Motive Force

Jonathan Grossman, Charles Dickens’s Networks: Public Transport and the Novel

Oxford University Press, 272pp, £25.00, ISBN 9780199644193

reviewed by Gee Williams

There’s a wonderful fantasy engraving run across this book’s front and back covers entitled ‘Train of Coaches’. Depicted is a series of coach bodies, their horses uncoupled but complete with coachmen and buglers, trunks piled on roofs, Regency bucks and women of fashion gazing out beneath elegant blinds: each is set upon a primitive goods wagon, the whole lot being drawn by a steam locomotive. The illustration is from 1823 (only six years after the death of Jane Austen, fiction’s greatest ever annotator of the parochial, the confined). But, as Grossman points out, two more years after Thomas Gray’s vision of what we now all revere and revile as the train, ‘the first truly operative steam-line, the Stockton-Darlington, opened.’

Grossman uses such images as these to make a strong case for his thesis. It is that a new transport system changed the nature of experience for a slice of England’s population (not all - the poor would continue to limp along like Little Nell, as foot-traffic of Planet Austen) and that this altered perception of time and propinquity stoked a fictional engine. In the hands of a Charles Dickens it turned the novel into the hot intellectual property it remained for nearly the next two centuries.

Grossman gathers his material convincingly. At every stop along the line we’re offered something both fresh and useful for the journey. Early on a nod to the horrors of horse-drawn transport pre-springs - wisely choosing to quote Dickens’ unbetterable description - is followed by an explanation of why McAdam’s new metalled surface was such a boon. (It offered the prospect of lightness and speed, twin gods of automobile designers still). But it is when he moves into the Dickens’ novels themselves he becomes most persuasive.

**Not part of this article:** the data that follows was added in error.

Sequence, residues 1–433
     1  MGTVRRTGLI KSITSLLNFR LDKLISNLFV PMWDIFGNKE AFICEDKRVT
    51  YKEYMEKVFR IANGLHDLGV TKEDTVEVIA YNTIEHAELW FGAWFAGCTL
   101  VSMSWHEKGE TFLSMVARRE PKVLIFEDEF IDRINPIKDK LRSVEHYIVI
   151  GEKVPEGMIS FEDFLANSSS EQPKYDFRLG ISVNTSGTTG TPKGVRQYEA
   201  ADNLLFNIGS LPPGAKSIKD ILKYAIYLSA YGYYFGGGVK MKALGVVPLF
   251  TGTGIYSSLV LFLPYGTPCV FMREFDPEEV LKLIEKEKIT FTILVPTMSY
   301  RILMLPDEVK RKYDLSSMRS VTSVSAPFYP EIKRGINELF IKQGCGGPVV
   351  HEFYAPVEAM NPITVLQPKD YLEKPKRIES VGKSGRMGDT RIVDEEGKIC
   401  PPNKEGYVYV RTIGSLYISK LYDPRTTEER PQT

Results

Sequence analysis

Faced with the entire product of another hyperactive machine, Grossman rightly selects his first full length work for close study, one in which horsepower and steam butt up against each other. Pickwick Papers is Dickens’ On the Road. Here a subtle case is made for the transformative action of travel (courtesy of a public transport network) on nothing less than human consciousness: ‘when what was once six hours away became two, far became closer, and that contraction of distance produced an expanded sense of people’s shared space, extending collective proximity.’

There’s a lively broadening out of theme with a discussion of Dicken’s international novel Little Dorrit. But the treatment of The Old Curiosity Shop shows Grossman at his very best, with an examination of narrative technique that’s both forensic and creative. It highlights the implications of writerly choices, but richly, non-reductively. It should send the reader back and forth between the chapter ‘On Tragedy’s Tracks’ and the original text often enough to promote motion sickness.

Public transport and Dickens: it could easily have been a case of chocolate beer, a previously untried combination and for excellent reasons. Not so: here’s a novelist whose restless nature forced him into movement of every type, walking half an hour a day for each hour spent at his desk, who braved the filthy Thames to swim from Petersham to Richmond Bridge and whose freak survival of the Staplehurst rail disaster would overshadow his later life. In the 200th anniversary year of his birth, Grossman’s book is a stimulating contribution to the Dickens Roadshow.